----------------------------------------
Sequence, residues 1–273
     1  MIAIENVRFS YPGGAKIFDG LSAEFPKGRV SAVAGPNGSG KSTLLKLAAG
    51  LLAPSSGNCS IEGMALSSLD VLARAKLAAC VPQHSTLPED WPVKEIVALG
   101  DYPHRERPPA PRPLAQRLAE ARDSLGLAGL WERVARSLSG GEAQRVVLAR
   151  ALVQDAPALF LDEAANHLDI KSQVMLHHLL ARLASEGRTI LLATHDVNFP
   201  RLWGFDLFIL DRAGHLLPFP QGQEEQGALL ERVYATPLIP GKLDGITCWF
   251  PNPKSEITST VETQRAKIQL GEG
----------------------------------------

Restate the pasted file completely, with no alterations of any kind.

Sequence, residues 1–273
     1  MIAIENVRFS YPGGAKIFDG LSAEFPKGRV SAVAGPNGSG KSTLLKLAAG
    51  LLAPSSGNCS IEGMALSSLD VLARAKLAAC VPQHSTLPED WPVKEIVALG
   101  DYPHRERPPA PRPLAQRLAE ARDSLGLAGL WERVARSLSG GEAQRVVLAR
   151  ALVQDAPALF LDEAANHLDI KSQVMLHHLL ARLASEGRTI LLATHDVNFP
   201  RLWGFDLFIL DRAGHLLPFP QGQEEQGALL ERVYATPLIP GKLDGITCWF
   251  PNPKSEITST VETQRAKIQL GEG